“Our ultimate goal is to develop a connected world that is friendly for the blind and visually impaired community, and to revolutionise the way they perceive and interact with their surrounding environments,” Daniel said.
“We envisioned the BAWA Cane to be the centre of all things for a blind and visually impaired person from how they move, how they commute, to how they interact with other people and smart devices.”
The Making Of The Product
Very much a product of Malaysia’s maker movement, Daniel says that BAWA Cane went through a considerable amount of trial and error before the siblings were satisfied with their product.
From determining the right dimensions and weight, selecting the correct components, all the way to solving issues caused by mechanical and software constraints, the siblings are thankful to have had the assistance of local maker movement players to depend on.
“We’re thankful for how Cytron Technologies helped demystify circuit design and PCB (printed circuit board) fabrication for us, and Aemulus Corporation for holding our hands through our phase of readjusting and reselecting electrical components on the PCB.”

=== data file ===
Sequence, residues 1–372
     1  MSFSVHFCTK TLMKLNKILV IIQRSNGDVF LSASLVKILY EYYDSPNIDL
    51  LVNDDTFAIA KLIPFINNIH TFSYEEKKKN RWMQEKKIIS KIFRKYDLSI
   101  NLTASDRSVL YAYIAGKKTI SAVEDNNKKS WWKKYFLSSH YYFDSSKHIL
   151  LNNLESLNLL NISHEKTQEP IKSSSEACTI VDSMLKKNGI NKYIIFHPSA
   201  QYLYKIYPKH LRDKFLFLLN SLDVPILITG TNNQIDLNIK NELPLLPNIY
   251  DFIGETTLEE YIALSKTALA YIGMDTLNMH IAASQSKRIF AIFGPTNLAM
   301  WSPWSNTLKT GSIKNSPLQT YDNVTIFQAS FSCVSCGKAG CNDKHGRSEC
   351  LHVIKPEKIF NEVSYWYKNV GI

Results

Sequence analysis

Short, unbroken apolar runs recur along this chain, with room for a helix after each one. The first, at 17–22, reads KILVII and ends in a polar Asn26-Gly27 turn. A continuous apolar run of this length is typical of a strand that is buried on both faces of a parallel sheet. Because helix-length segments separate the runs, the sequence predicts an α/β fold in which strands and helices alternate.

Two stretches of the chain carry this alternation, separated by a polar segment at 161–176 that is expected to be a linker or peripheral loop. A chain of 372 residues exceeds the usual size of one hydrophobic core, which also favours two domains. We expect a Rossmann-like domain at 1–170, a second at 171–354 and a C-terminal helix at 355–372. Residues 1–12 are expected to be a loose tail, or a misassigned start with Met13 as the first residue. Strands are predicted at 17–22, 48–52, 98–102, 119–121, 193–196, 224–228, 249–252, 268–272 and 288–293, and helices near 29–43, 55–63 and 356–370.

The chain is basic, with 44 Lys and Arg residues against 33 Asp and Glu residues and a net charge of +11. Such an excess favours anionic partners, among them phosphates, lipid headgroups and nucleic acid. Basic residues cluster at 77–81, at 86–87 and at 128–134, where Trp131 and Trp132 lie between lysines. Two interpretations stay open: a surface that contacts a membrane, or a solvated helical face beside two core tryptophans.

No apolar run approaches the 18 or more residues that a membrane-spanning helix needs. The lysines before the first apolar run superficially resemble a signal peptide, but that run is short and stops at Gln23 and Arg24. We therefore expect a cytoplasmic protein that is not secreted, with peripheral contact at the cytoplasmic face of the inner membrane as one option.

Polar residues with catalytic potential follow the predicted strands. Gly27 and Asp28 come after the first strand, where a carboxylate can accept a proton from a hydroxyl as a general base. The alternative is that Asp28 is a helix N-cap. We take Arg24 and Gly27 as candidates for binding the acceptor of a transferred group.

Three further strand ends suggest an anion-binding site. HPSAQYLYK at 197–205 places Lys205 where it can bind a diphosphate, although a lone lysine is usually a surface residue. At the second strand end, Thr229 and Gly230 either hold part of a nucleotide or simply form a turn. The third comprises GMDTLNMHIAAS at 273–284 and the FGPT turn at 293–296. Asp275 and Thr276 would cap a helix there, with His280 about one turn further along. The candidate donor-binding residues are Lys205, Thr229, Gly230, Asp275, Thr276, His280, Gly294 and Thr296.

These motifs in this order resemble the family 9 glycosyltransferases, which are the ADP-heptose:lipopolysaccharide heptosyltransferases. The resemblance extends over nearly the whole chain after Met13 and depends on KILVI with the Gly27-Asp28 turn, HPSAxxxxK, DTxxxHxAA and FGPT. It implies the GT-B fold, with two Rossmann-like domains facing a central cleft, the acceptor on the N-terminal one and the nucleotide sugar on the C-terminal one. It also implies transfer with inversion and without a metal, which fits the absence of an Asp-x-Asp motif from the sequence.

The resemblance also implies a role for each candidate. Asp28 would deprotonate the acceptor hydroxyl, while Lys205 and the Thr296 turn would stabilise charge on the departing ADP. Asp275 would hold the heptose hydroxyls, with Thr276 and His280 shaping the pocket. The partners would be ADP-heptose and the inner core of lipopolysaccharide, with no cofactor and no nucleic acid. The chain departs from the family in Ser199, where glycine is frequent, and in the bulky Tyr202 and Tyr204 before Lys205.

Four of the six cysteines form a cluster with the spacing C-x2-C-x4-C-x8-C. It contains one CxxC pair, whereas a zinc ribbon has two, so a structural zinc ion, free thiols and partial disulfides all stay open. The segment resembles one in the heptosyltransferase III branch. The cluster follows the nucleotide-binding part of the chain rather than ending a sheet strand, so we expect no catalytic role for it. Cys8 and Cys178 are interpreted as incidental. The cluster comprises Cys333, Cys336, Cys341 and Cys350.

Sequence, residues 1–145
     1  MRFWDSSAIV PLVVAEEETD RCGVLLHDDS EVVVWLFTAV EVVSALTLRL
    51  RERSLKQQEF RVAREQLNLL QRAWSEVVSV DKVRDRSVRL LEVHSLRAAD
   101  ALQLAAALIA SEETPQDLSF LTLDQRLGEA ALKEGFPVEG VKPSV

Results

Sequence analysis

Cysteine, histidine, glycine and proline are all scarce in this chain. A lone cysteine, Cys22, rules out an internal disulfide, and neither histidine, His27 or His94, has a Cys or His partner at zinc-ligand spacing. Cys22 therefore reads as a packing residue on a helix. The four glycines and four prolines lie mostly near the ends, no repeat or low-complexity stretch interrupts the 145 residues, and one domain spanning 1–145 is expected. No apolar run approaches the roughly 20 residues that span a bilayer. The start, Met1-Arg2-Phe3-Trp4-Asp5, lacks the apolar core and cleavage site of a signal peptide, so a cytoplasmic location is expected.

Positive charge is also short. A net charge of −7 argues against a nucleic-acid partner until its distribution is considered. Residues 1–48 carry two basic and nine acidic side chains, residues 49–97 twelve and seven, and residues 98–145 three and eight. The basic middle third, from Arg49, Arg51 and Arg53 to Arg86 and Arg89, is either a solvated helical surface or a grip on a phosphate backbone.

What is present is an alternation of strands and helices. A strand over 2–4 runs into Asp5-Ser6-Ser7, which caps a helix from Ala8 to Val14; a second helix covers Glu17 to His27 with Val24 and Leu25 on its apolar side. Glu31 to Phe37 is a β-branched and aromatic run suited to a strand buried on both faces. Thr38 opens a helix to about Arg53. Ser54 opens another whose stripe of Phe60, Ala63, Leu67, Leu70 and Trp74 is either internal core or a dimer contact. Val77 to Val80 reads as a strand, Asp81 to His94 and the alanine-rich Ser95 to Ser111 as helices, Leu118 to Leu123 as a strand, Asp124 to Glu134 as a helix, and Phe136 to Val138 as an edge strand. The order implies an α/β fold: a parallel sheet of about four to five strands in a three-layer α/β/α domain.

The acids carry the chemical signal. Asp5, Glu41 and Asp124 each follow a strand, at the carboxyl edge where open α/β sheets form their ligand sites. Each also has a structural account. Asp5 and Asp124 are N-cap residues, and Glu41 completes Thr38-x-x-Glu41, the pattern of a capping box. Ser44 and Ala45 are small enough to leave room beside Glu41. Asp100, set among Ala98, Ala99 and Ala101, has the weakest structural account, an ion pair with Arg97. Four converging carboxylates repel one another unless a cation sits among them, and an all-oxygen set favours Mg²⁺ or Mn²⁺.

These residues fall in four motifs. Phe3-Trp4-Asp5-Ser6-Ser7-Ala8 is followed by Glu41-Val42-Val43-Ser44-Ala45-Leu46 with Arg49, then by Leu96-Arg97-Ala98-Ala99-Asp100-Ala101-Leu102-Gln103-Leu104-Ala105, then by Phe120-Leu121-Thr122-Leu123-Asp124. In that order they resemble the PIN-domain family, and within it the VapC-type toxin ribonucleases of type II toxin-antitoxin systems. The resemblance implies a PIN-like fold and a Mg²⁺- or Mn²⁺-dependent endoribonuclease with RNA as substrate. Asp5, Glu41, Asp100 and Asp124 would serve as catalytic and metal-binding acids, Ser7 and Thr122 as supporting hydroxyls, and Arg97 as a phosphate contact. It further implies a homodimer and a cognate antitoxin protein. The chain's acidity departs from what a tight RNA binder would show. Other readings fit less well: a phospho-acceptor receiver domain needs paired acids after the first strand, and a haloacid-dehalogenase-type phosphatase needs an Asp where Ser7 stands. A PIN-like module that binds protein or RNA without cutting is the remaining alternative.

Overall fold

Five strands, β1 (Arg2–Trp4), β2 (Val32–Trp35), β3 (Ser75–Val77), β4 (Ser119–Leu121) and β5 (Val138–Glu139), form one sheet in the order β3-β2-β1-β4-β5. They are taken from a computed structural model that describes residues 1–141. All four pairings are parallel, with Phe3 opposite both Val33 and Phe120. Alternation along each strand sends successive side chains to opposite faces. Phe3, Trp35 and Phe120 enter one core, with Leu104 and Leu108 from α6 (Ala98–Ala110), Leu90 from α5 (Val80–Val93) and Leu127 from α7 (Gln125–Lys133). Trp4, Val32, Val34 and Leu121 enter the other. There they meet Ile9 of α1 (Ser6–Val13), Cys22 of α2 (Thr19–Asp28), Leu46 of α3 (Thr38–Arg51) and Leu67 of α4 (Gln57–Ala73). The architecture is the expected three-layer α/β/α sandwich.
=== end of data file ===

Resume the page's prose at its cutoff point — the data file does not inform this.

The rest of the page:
“Rome wasn’t built in a day, and neither was BAWA Cane,” Daniel joked. “With the right partnerships, we can overcome any obstacles en route to mass production.”
Ultimately, the siblings believe that Malaysia’s maker movement has plenty going for it, and were pleased to note the collaborative and symbiotic nature of its players.
“We’ve had a handful of maker advocates who took the initiative to raise awareness and provide support,” Daniel said.
“Although the Malaysian maker movement is very much still in its infancy, we’re slowly getting to the same level as that of China and the USA.”
Not Doing Things Blindly
After beginning with a capital of RM100,000, Daniel and Stella are currently readying their product for mass production—with more than 500 pre-orders already place—and are taking each challenge as it comes.
“There’s been a learning curve as we transition from prototype to a market-ready product,” Daniel said. “The BAWA Cane needs to undergo various certifications and declarations before anyone can buy them off the shelves.”
“We’re also establishing contact with more distributors in various regions in Southeast Asia and Europe.”
And despite dealing with the nitty gritty of the present, Daniel and Stella are both already thinking of kicking their involvement in helping the visually impaired up a notch.
“One step at a time, we aim to truly revolutionise how blind and visually impaired people perceive and interact with the world around them,” Daniel said. “We aim to do this by understanding and computing the data we gather.”
“Moving forward, we’ll also foster more partnerships with visually impaired societies like what we did with Sarawak Society For The Blind and St. Nicholas’ Home in Penang.”
“In the beginning, we were motivated to help our grandmother regain her mobility and freedom,” he added. “But since her passing, the smiles of our blind and visually impaired testers and users continue to motivate us to put in our best.”
Feature Image Credit: BAWA Cane